Modern society is characterised by our reliance on convenience. We are all guilty of choosing convenience over the most sustainable option – from single-use disposable coffee cups to the polystyrene packaging and plastic bags used to keep takeaway food warm.
Over the past decade, however, the food and drink industry has been making some steps to implement greener packaging initiatives. This is sorely needed – in the UK alone, packaging makes up nearly 70 percent of our total plastic waste. 1. With supermarkets offering in-store opportunities for consumers to recycle soft plastic and films, and re-use and refill schemes popping up across the country, it is clear that the industry is trying to tackle the sheer volume of plastic we consume and dispose of every day.
Yet no matter how much effort is made to make the product ‘recyclable’ – so long as it is plastic, it can never be truly ‘sustainable’. The world’s plastic production, use and disposal contributes to around 1.8 billion tonnes of carbon emissions annually – that’s equivalent to 150 million double-decker buses.2
It is intrinsic to the molecular make up of plastic that it can only be mechanically recycled two or three times before its quality is too poor to be used again. In addition, each time plastic is recycled, virgin material is added to help “upgrade” its quality, so that the recycled product has a fighting chance in the market against new, durable, and fresh plastics goods.
In food and beverage applications, the situation is even more perilous as the contents tend to soil the packaging and further complicate the recycling process. Soft plastics, used for products such as bread bags and toilet roll wrap, account for the majority that is thrown away. This type of plastic is notoriously difficult to recycle, and Greenpeace research revealed that supermarket collections of these plastics often end up incinerated, exported to poorer countries, or in landfill, where they disintegrate, but remain chemically inert, for hundreds of years.3
For these thin plastic films, recycling or reuse is simply not a practical option. New, natural materials that can seamlessly replace many of the barrier properties are our best option to cut plastic production at source.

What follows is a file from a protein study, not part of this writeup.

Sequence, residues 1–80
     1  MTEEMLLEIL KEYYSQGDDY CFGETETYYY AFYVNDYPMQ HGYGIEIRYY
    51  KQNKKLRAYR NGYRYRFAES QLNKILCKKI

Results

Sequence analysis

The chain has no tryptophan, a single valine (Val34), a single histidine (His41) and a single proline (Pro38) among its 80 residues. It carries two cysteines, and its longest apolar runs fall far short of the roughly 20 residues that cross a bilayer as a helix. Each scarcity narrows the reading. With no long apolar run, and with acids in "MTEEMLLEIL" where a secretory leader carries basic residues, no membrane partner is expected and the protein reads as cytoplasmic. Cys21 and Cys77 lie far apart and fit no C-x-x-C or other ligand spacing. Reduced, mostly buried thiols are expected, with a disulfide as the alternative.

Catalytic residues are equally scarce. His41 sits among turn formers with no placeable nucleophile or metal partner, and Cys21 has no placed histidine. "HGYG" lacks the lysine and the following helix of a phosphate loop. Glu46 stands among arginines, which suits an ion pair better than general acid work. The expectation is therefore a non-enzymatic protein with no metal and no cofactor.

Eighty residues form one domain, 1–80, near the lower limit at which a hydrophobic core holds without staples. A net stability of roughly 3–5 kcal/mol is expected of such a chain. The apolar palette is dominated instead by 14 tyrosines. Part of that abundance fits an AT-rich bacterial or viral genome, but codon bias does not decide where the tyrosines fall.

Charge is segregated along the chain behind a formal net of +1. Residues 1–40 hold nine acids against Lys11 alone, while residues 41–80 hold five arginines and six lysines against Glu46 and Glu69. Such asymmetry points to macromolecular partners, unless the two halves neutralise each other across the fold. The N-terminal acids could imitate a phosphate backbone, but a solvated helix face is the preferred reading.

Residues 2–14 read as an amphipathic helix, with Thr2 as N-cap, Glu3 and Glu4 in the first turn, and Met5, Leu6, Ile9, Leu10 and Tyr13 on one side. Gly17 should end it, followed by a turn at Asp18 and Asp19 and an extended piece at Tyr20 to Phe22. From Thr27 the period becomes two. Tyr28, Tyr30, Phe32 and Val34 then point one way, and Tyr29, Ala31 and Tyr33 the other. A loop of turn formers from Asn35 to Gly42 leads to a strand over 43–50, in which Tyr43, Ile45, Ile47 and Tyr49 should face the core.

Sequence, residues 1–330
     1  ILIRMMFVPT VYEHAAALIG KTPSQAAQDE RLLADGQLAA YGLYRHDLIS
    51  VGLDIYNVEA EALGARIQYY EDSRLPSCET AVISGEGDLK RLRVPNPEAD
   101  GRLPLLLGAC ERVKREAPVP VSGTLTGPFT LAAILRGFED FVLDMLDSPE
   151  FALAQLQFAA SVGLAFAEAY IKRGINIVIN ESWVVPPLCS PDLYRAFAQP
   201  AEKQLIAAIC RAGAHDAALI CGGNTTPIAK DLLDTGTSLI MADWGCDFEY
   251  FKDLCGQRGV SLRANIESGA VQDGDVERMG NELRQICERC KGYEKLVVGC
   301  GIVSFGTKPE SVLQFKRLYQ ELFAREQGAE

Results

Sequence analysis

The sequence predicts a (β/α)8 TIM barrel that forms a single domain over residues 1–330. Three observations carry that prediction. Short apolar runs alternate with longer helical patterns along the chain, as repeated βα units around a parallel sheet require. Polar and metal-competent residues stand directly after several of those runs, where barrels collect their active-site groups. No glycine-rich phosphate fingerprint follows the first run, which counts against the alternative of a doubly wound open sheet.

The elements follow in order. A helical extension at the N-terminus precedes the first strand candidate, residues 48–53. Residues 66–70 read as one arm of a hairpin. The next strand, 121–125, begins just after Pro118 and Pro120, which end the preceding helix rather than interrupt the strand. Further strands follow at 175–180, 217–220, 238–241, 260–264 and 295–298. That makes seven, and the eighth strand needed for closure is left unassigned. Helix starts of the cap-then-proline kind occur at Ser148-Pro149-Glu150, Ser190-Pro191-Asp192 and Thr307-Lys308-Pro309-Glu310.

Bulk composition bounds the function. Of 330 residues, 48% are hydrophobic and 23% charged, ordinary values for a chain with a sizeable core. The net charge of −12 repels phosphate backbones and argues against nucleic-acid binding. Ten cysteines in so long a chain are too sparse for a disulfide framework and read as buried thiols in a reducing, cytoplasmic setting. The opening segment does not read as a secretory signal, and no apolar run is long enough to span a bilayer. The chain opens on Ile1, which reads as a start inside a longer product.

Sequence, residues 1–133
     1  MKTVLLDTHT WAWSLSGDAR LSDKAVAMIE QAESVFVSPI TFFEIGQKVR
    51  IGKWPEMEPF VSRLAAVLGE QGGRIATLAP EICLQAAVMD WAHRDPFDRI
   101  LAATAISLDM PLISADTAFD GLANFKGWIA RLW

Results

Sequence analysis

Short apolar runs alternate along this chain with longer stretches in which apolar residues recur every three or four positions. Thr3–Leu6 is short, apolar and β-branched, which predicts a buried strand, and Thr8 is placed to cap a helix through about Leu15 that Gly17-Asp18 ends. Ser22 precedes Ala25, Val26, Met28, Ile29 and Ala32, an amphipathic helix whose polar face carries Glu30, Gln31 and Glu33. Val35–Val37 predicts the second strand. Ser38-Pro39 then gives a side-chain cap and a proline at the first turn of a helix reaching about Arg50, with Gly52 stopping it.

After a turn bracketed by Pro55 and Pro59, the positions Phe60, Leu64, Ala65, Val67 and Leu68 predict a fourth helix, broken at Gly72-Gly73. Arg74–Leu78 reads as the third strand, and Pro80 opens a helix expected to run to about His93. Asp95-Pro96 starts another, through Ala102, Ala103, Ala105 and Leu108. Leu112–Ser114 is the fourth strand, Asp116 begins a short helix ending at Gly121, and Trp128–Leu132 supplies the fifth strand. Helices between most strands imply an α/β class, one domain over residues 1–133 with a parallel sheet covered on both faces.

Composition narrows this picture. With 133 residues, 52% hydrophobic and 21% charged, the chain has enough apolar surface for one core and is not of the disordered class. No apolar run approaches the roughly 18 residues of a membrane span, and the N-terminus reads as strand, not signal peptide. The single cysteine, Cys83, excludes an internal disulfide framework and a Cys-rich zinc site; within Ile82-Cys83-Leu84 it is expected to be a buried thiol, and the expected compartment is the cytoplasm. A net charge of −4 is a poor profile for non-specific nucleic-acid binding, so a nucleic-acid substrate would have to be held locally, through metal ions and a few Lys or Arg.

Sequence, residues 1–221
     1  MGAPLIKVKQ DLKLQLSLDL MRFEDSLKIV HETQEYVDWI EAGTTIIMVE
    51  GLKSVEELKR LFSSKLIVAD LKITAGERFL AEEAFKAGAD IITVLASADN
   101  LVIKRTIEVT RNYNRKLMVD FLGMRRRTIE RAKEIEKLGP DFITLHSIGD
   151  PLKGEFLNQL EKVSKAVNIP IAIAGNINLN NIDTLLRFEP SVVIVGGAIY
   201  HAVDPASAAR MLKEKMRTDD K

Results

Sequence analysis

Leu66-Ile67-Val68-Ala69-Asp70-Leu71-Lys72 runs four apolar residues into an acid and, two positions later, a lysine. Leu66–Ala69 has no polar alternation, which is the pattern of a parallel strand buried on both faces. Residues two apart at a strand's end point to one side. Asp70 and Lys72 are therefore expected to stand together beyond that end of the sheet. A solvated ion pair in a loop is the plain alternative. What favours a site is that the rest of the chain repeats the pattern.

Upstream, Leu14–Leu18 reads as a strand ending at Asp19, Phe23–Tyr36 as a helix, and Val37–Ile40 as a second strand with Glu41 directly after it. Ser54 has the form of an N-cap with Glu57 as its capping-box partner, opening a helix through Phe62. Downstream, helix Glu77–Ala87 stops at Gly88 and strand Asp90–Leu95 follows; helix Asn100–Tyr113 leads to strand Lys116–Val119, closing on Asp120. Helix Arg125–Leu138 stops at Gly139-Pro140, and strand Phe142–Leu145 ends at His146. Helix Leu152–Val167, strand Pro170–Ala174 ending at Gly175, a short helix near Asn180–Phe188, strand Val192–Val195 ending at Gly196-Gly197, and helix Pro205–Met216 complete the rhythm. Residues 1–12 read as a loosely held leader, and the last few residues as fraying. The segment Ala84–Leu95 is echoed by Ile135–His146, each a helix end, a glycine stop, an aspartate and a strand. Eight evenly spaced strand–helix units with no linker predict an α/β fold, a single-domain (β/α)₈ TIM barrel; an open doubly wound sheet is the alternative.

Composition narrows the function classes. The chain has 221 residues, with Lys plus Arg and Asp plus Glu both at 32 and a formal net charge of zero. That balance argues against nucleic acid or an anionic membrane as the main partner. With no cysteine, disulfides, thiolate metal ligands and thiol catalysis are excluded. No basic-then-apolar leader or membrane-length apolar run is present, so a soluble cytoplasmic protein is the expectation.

UK innovators are creating drop-in solutions which can be made and formed on the same production lines presently used for plastic, enabling brands to make the simple swap with no disruption. Unlike its principal competitors, the material Xampla is producing is plant-based and requires no chemical modification or ‘cross-linking’. This ensures it decomposes naturally, mirroring the behaviour of the plants from which it is made.
These natural materials can protect food, with the added advantage of being fully biodegradable, the material does not last forever – since nothing needs to be preserved in perpetuity. At the end of its life cycle, these materials act not as a plastic but more like a food. This means it can be collected and recycled with food waste and won’t leave behind any harmful microplastics if it does enter the Earth’s soil or seas.
The development of next-generation materials, like Xampla’s, is all part of the system change the food and drink industry will be a part of in the coming years. As EU regulation tightens the thumb screws on plastic, and consumers increasingly grapple with a newfound eco-consciousness, we should expect to see a downward trend in plastic production and a greater uptake in alternative materials to replace plastic – as well as new systems that allow consumers to reuse packaging rather than throw it away.
The early adopters of these technologies have the potential to transform the packaging industry, reshaping it towards sustainability whilst gaining support from consumers. There is no better time to switch than now and become a trailblazer toward a more sustainable, plastic-free future.
Stanley Mitchell is Head of Business Development of Cambridge-based Xampla, experts of drop-in high-performance natural materials that replace the most polluting plastics.